CNGB3, CNGA3, PDE6C, GNAT2, and PDE6H are all expressed in the cone photoreceptor and are crucial for cone phototransduction: light-excited cone visual pigment molecules induce the exchange of GDP to GTP at the guanosine binding site of the transducin alpha subunit (GNAT2) and its subsequent release from the inhibitory beta/gamma subunits. The activated GTP-transducin then binds and activates the alpha’-subunit of the cone phosphodiesterase (PDE6C) by retracting the inhibitory gamma-subunit (PDE6H). PDE hydrolyzes cGMP and effectively reduces its intracellular concentration. This results in the closure of the hetero-tetrameric cGMP-gated cation channels (CNGA3 and CNGB3) and, subsequently, in membrane hyperpolarization [Lamb & Pugh 2006]. Transducin thus mediates the first step, the phosphodiesterase the intermediate, while the cGMP-gated channel represents the final component of the phototransduction cascade. In contrast, the most recently identified ACHM-related gene, ATF6, encodes for a ubiquitously expressed transmembrane transcription factor, well known for its function in the ATF6 unfolded protein response pathway [Walter & Ron 2011, Wang & Kaufman 2012, Kohl et al 2015]. How and why pathogenic variants in this ubiquitously expressed gene result solely in cone dysfunction is to date unknown.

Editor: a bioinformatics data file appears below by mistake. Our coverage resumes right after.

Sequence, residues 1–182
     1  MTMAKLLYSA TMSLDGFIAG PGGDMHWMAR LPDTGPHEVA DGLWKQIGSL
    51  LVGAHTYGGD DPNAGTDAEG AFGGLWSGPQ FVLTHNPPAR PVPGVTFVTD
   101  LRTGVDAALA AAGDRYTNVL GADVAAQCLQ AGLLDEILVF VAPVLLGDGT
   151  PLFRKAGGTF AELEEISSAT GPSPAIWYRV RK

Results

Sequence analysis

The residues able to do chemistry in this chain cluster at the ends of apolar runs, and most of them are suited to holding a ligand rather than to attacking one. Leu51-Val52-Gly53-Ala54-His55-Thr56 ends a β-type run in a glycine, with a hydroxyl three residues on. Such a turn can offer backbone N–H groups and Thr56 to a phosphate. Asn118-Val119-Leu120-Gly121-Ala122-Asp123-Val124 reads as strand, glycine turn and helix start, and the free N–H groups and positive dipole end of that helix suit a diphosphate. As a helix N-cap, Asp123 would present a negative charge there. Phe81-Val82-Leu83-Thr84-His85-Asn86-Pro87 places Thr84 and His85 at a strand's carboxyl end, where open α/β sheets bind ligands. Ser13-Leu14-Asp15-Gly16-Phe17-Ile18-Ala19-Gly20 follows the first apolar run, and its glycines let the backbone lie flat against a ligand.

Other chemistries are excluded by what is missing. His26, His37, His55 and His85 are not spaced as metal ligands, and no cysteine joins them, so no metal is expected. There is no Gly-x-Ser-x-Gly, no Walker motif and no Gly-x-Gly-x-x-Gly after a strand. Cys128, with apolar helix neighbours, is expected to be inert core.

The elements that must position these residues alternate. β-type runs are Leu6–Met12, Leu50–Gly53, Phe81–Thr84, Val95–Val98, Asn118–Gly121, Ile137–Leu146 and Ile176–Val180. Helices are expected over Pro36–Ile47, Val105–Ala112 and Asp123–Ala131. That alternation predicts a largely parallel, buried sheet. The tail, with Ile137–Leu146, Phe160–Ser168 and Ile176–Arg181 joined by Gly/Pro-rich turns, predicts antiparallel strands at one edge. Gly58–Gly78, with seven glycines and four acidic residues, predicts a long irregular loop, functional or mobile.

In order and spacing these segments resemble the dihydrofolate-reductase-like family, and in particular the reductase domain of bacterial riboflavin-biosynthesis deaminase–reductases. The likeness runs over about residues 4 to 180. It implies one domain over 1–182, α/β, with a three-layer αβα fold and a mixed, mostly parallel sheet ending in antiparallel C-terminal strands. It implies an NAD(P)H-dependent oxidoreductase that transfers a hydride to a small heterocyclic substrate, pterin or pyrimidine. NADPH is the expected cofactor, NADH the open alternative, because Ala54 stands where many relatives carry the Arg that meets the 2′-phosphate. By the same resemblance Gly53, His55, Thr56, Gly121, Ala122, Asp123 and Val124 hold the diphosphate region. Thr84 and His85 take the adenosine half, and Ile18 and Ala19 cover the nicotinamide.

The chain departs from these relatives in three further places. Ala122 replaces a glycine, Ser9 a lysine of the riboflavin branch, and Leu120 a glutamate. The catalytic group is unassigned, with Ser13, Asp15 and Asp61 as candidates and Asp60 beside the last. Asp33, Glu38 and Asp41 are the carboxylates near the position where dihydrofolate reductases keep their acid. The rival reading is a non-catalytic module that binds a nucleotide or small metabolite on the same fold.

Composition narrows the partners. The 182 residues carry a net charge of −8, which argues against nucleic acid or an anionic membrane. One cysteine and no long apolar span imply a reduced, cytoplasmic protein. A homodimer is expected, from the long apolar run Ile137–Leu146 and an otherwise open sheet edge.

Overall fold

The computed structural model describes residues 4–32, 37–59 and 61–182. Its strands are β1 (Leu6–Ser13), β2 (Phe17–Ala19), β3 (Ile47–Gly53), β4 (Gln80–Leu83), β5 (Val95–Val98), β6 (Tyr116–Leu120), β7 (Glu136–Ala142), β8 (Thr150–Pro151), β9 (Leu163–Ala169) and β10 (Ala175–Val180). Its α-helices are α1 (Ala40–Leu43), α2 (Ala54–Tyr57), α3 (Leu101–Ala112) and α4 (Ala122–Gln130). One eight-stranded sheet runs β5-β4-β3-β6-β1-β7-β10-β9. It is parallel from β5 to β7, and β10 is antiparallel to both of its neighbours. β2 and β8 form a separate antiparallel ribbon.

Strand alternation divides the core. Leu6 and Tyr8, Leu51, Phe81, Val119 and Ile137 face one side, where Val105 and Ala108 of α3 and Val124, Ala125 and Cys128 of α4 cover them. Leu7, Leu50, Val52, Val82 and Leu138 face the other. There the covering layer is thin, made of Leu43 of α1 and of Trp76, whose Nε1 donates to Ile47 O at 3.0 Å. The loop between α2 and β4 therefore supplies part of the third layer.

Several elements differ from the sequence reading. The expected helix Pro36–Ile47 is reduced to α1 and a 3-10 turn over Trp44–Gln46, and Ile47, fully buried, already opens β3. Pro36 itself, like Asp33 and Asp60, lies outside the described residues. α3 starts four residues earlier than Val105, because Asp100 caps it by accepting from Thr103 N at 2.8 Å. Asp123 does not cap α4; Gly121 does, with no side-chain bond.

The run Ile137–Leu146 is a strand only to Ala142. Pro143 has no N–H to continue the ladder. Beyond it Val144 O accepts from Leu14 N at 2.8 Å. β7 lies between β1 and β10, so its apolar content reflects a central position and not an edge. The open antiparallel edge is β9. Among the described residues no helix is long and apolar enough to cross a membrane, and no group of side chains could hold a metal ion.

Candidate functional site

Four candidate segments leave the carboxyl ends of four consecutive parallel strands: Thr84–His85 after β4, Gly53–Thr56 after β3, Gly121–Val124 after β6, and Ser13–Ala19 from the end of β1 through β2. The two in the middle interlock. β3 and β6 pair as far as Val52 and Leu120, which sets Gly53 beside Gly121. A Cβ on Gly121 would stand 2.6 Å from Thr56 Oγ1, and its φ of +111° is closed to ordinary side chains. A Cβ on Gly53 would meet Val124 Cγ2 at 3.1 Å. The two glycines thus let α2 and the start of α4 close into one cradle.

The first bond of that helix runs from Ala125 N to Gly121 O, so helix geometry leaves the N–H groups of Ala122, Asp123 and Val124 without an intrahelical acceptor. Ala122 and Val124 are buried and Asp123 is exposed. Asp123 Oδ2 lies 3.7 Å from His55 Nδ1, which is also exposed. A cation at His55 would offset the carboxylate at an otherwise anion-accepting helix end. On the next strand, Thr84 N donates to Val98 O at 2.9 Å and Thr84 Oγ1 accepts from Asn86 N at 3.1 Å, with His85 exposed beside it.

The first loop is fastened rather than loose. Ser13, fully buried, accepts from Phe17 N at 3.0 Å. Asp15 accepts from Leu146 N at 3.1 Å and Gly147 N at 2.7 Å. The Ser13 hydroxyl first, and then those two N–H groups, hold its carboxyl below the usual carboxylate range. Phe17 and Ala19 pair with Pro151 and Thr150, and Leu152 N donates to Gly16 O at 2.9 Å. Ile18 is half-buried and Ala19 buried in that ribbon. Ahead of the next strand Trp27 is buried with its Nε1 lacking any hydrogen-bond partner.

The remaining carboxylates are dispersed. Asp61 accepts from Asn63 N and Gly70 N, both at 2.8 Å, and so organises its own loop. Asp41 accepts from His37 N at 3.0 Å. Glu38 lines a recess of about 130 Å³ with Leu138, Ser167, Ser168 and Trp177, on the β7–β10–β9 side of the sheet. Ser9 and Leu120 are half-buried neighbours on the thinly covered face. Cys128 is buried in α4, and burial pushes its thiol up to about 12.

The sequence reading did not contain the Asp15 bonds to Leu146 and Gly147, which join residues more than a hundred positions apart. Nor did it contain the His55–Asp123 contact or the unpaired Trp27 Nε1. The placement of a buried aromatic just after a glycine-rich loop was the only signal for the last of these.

Functional analysis by heterologous expression of mutant cyclic nucleotide-gated (CNG) channels has shown that in many cases channel function is strongly impaired or completely absent (see CNGA3 Abnormal gene product, CNGB3 Abnormal gene product).

In addition, animal models have helped to clarify the underlying pathogenic mechanisms. The analysis of the orthologous Cnga3 knockout mouse model shows complete absence of physiologically measurable cone function, a decrease in the number of cones in the retina, and morphologic abnormalities of the remaining cones. Cnga3(-/-) cones fail to transport opsin into the outer segment and down-regulate various proteins of the phototransduction cascade. Apoptotic cell death is induced; however, loss of Cnga3 does not appear to affect the transcription of other cone-specific genes. Cone degeneration in the Cnga3 knockout animals is evident from the second postnatal week on and proceeds significantly faster in the ventral than in the dorsal part of the retina. In addition, Cnga3 appears to be essential for normal postnatal migration of cone somata [Biel et al 1999, Michalakis et al 2005]. Gene therapy has been successfully tested in these mouse models, and shown to restore cone-mediated vision [Michalakis et al 2012].